So this is probably not a word anyone wants assaulting their new year’s peace, promise and hope of new beginnings, fresh starts and better lives.
But what is it about the human mind. I know it isn’t about being undisciplined (or is it?) because some of the most orderly, organized and straight-forward individuals I have ever known worried about something. Small worries or not, it altered their equilibrium to greater or lesser degrees.
We wake in the night, still in a groggy fog, and gradually that thought that woke us crystallizes: did I lock the front door? did I put the quarterly tax payments in the mail last week? the doctor’s appointment, the strange noise under the car hood, the child(ren), still out and it is after 2 a.m.
Is this just our humanness, the nagging worry that shoulders out all other thoughts, the inferno that rages, hissing every dousing attempt at calmness we throw at it? I do not necessarily mean those nay-sayers either, individuals who cannot see anything good but brood on what’s wrong with everything, convinced that they are doing everyone else a favor.
It takes a great deal of strength to rein in these inner harbingers. Some have this ability innately. Wonderful! Others have to work a bit harder at it. Others with friends struggling with psychoses worry about their own worrying.
It’s been said that high intelligence is alarmingly close to insanity. It’s also been said that love and hate, in their extremes, are passion directed for or against someone or something, and that each is reflected in a deep love. I am not a psychiatrist. I do not pretend to understand all of this. I do know that when a pervasive thought, clear or vague begins to surface and is preceded with that aura of doom or gloom I turn to thoughts of grace. These fretful emergings have no true place in my mind. Not unless they are reminders of something I’ve needed to do, in which case they are duly noted, acted upon and subsequently disappear. There are so many persons and things over which I have no control. Just myself, for the most part. I can try to understand these others, and make my own needs and preferences known as well as there being empirical standards that are, regardless of what anyone else may or may not want or think. If they are not met or honored it is time to summon up my faith and move on. Or is it possible, by being part of it, to help it to change? And to what lesser or greater degree a part?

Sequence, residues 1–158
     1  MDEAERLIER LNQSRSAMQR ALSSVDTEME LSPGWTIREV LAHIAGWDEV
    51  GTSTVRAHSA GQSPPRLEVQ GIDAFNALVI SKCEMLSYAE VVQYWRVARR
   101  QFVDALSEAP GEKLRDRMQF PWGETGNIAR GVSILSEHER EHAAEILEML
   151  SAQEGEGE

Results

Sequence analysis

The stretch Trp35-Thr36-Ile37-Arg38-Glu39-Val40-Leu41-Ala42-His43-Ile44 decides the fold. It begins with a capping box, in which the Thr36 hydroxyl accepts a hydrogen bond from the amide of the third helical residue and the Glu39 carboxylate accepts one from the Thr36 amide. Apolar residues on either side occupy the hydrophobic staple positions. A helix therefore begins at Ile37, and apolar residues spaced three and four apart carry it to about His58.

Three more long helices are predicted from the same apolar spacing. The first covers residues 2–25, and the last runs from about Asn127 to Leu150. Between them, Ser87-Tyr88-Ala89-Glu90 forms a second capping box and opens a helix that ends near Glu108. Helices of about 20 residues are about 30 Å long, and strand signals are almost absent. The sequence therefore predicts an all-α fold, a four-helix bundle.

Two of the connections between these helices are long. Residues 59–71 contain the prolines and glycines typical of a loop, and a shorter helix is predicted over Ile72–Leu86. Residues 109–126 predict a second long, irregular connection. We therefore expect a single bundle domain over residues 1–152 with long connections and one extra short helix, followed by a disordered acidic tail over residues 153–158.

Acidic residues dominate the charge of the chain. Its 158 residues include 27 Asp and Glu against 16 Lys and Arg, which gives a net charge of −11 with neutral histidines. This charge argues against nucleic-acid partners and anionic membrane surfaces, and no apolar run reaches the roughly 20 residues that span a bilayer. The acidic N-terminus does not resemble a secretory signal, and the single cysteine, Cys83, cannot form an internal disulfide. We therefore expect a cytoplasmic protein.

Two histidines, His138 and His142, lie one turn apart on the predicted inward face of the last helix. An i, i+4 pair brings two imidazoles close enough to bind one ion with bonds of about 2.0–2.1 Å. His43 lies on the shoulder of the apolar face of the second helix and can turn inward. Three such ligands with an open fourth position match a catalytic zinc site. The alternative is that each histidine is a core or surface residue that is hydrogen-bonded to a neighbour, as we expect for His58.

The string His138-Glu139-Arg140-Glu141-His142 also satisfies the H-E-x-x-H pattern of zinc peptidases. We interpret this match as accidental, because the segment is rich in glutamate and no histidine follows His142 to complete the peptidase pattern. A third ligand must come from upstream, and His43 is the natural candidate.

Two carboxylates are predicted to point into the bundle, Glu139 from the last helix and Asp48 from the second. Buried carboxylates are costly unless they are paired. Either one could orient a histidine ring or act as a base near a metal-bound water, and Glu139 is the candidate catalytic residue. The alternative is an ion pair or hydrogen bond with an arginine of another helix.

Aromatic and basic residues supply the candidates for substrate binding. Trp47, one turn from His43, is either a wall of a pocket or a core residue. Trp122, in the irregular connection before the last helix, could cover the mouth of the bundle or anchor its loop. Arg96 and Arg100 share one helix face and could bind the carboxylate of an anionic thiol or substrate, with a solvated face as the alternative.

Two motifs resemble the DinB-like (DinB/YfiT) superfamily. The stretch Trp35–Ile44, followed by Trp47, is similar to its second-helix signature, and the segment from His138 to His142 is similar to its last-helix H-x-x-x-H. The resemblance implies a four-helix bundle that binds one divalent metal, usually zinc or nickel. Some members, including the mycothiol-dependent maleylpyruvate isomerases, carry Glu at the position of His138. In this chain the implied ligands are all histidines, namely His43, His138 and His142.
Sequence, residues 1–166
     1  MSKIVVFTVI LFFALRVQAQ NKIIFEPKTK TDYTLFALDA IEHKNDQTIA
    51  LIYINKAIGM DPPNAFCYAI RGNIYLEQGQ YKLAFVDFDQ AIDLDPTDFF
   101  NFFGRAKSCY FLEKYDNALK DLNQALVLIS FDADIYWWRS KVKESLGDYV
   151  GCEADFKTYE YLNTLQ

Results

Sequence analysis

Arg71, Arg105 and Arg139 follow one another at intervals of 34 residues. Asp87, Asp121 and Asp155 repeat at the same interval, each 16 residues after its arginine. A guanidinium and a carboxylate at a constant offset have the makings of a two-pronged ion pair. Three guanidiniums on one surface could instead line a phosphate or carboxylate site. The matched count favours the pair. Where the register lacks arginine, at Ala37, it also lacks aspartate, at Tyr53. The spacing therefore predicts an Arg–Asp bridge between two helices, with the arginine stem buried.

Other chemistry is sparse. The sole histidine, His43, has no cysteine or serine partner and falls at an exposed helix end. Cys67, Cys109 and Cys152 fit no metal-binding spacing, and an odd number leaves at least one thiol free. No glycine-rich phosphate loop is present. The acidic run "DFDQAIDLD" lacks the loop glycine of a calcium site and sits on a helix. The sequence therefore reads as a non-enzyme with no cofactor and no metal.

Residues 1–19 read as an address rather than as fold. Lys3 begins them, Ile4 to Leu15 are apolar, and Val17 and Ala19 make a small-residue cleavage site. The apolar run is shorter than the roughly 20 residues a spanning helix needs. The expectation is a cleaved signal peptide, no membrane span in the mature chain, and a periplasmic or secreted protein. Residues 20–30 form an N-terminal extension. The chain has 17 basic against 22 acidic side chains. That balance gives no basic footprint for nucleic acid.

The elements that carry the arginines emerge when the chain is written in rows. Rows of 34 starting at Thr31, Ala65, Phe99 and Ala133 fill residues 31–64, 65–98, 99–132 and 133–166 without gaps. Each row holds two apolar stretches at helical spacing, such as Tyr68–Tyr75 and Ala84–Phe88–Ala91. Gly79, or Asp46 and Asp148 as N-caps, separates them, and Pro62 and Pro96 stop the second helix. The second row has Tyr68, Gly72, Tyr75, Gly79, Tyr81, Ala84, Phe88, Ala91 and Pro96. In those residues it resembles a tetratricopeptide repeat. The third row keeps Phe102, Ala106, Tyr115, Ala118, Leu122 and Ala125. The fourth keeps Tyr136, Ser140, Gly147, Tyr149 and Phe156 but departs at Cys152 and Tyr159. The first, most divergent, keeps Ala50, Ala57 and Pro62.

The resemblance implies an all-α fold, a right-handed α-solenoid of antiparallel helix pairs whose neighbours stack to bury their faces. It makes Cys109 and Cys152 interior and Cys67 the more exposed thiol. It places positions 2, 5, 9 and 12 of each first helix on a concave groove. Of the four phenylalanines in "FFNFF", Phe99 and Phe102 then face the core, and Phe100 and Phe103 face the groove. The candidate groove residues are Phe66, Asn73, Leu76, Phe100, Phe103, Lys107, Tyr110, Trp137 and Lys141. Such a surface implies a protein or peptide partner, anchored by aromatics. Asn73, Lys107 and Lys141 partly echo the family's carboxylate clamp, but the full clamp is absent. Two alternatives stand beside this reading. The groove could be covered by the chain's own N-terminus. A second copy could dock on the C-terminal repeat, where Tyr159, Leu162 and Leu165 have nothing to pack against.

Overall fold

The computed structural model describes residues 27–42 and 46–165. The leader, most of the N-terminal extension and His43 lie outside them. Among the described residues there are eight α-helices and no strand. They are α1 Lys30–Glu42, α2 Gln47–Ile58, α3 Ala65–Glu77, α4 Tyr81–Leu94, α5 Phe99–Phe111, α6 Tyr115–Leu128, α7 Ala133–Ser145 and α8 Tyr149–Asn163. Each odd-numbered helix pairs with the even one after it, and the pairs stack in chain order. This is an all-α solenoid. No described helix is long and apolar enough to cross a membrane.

Maybe I’ll just take my Christmas decorations down, even if it isn’t yet 12th night.
Matthew 6:25; 6:33, 34; Luke 10:38-42